The Banque Centrale du Luxembourg has released commemorative gold Proof coins which mark the institution’s 25th anniversary of establishment. Prior to the inauguration of the Grand Duchy’s first Central Bank, financial regulation and the issuance of currency was overseen by the l’Institut Monétaire Luxembourgeois (IML) (“Luxembourg Monetary Institute”) in 1983. Before the establishment of the IML, Luxembourg’s currency issuance was the responsibility of the Banque Internationale à Luxembourg (BIL), created in 1856 while Luxembourg was part of a personal union with the Kingdom of the Netherlands. Despite the Grand Duchy being part of the Dutch Kingdom, Luxembourg circulated the Prussian thaler currency as they were in a customs union with the Imperial German Confederation. With the founding of the Banque Nationale du Grand-Duché de Luxembourg in 1873, bearer bonds were issued in Belgian francs as the country still did not have a designated currency of its own. However, the institution became insolvent by 1911 and was absorbed by the Banque Internationale à Luxembourg. With the independence of Luxembourg in 1890 from the Netherlands, Luxembourg aligned its financial and currency requirements with the Kingdom of Belgium and their franc, which was created in 1832. A law passed in 1914 made banknotes issued by BIL legal tender and in 1918, a Grand Ducal decree used the term Luxembourg franc for the first time. With the collapse of the Imperial German Federation at the end of the First World War, Luxembourg entered into a monetary union with Belgium which both created a de-facto Luxembourg franc and one-to-one parity with Belgium’s franc. From 1923, the Banque Internationale à Luxembourg released the first banknotes denoting the country’s own franc though Belgian franc currency was widely accepted. As the Second World War concluded and with Luxembourg’s liberation from occupation by the Third Reich, the Luxembourg franc was reintroduced with a series of new banknotes and coins released by the BIL. A change within the structure of the issuance of currency was put in place when the IML was authorised to issue currency two years after their establishment, this arrangement remained in place until 1998. With the organisation of the European Monetary Institute, later the European Central Bank and Luxembourg’s impending membership in the single-currency euro zone, the Banque Centrale du Luxembourg was established by laws dated the 22nd April and 23rd December 1998. This necessity was in line to comply with ECB regulation along with the other 11 Central Banks which comprised the euro system of governance. Since this time, the Banque Centrale has overseen the issue of banknotes and coins and oversaw the transition from the legacy Luxembourg franc to the Euro on the 1st January 2002.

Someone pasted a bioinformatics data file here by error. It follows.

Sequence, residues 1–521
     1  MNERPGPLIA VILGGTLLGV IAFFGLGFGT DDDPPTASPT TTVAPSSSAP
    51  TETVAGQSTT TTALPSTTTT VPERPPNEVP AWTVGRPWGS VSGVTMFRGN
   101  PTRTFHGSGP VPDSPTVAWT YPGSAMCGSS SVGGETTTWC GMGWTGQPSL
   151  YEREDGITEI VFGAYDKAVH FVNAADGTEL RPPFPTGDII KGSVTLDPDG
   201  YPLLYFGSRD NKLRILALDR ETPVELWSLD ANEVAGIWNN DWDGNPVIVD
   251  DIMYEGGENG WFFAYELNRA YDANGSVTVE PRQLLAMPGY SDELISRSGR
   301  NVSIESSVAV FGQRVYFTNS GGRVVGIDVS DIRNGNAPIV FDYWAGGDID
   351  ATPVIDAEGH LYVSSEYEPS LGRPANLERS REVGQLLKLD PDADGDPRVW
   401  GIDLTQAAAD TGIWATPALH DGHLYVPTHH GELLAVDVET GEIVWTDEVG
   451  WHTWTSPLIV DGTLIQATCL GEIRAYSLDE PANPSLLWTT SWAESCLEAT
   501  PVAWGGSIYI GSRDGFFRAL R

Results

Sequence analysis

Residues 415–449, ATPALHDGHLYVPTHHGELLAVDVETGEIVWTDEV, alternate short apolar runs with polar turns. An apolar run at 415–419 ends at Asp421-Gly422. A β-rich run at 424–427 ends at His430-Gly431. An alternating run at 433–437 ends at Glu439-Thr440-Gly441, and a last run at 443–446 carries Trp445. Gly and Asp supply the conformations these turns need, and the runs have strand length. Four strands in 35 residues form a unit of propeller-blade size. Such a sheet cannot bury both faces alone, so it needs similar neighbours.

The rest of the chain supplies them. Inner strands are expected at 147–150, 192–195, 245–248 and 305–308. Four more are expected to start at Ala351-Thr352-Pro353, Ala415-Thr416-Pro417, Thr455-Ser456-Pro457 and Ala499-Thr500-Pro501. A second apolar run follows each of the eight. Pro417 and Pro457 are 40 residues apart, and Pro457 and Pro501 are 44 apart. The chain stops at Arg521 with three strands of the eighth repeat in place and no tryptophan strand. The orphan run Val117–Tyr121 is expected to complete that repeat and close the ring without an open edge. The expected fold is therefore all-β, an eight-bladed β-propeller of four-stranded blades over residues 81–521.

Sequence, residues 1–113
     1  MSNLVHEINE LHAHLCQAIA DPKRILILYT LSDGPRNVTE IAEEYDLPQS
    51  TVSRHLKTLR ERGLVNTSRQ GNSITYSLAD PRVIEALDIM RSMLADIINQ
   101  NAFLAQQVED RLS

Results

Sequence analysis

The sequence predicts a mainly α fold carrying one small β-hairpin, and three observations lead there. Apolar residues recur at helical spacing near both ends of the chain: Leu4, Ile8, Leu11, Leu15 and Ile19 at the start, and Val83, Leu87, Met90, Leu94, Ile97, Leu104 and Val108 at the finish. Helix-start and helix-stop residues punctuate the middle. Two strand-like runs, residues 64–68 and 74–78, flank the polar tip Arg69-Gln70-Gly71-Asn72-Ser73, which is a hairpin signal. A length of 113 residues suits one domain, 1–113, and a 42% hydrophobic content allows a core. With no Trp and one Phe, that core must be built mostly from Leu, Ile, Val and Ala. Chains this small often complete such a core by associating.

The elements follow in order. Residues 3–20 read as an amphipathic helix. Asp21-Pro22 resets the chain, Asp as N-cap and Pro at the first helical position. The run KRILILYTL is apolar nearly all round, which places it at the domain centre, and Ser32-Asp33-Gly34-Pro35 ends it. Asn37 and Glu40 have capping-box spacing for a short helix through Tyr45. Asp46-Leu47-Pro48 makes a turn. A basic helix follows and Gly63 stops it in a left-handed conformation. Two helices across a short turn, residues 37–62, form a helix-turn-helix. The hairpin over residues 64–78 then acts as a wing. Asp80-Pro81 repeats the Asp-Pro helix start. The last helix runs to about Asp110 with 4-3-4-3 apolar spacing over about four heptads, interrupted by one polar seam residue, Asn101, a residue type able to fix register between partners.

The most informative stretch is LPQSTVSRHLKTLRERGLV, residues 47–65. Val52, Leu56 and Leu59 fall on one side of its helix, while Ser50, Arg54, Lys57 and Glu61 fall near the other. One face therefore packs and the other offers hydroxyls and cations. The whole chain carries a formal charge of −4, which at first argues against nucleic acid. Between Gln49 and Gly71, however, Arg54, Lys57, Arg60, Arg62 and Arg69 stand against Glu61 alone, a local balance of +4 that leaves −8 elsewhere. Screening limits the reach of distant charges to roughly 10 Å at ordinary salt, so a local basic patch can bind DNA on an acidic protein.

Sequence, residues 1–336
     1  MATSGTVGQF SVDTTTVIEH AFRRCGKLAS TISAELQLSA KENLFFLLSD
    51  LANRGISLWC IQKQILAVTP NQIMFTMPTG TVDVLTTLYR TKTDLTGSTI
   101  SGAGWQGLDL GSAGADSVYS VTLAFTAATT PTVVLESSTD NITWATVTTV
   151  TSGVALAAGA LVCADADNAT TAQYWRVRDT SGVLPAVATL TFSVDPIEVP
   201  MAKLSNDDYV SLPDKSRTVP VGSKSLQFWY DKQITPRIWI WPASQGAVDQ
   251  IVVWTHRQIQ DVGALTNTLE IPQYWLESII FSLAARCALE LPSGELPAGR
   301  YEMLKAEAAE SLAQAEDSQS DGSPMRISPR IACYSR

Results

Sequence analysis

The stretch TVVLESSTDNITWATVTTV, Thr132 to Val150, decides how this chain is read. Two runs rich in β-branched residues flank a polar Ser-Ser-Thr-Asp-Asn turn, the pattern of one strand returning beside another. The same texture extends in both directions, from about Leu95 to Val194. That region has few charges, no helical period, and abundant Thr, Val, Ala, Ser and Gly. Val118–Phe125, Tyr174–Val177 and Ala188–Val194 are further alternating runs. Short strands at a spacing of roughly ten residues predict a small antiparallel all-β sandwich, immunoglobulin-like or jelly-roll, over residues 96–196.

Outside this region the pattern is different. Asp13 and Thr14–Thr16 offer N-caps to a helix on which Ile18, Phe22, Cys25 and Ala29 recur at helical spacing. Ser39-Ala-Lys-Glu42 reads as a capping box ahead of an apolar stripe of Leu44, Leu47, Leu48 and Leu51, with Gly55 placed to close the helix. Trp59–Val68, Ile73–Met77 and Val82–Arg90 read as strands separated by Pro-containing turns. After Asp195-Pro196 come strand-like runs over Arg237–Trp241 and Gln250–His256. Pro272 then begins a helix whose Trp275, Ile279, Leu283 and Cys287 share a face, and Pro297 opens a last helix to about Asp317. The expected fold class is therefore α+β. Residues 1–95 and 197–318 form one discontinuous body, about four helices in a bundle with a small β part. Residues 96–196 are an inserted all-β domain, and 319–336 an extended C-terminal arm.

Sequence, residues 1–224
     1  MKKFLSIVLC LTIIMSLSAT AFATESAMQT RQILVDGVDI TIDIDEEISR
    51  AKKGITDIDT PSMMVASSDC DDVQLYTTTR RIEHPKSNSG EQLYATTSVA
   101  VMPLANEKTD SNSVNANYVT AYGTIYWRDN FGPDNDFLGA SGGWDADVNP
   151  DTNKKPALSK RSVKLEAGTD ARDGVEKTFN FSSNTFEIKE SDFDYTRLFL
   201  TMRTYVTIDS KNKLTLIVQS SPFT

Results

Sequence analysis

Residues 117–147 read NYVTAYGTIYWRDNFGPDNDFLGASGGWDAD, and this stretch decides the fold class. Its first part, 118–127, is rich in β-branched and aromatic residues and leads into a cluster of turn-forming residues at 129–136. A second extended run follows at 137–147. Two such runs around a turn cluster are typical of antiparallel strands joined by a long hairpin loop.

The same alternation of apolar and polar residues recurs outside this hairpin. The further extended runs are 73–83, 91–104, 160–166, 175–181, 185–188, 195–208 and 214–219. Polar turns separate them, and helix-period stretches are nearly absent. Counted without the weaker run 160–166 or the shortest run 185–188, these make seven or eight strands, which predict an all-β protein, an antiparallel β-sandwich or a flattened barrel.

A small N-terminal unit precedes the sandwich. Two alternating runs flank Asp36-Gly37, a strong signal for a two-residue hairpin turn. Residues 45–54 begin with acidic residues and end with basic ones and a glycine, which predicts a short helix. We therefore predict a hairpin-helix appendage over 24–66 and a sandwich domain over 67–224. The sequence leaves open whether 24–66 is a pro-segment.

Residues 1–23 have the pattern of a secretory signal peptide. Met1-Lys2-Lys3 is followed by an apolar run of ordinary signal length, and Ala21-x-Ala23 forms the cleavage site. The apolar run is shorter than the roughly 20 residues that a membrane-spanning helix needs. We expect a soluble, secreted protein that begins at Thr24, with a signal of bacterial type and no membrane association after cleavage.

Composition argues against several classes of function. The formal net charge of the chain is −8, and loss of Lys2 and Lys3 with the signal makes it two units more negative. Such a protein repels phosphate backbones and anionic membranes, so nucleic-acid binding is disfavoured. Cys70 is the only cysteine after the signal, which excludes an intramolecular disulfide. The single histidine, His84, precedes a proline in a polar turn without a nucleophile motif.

The gold Proof-quality coins are produced by the Royal Dutch Mint at their facilities in Houten, Netherlands, on behalf of the Banque Central du Luxembourg. The reverse side includes a linear depiction of the first headquarters of the Banque Centrale du Luxembourg located at 2 Boulevard Royale, which was the former Banque Internationale du Luxembourg. The building was built in 1902 and purchased in 1998 by the newly created Central Bank. Alongside the historical landmark is the modern addition of the Banque Centrale which was added in 2003. Along the left rim is the text BANQUE CENTRALE DU LUXEMBOURG with the commemorative years 1998 and 2023 seen just above the older bank building. The numeral 25 serves both as the coin’s face value in EURO and celebratory occasion ANS (years). The obverse side depicts the definitive abstract effigy of HRH Grand Duke Henri created by engraver Yvette Gastauer-Claire and has been included on circulation and commemorative coins of Luxembourg since 2002. To the left of the Grand Duke’s likeness is the text 2023 LETZEBUERG shown in a vertical direction.
|15.5 g||30 mm||Proof||
Each coin is encapsulated and presented in a polished hardwood custom case accompanied by a certificate of authenticity. Residents and visitors can purchase collector coins at their Numismatic Center, 43, Avenue Monterey in Luxembourg. The Central Bank has also launched a new website to offer information and purchasing options for new collector coins here.
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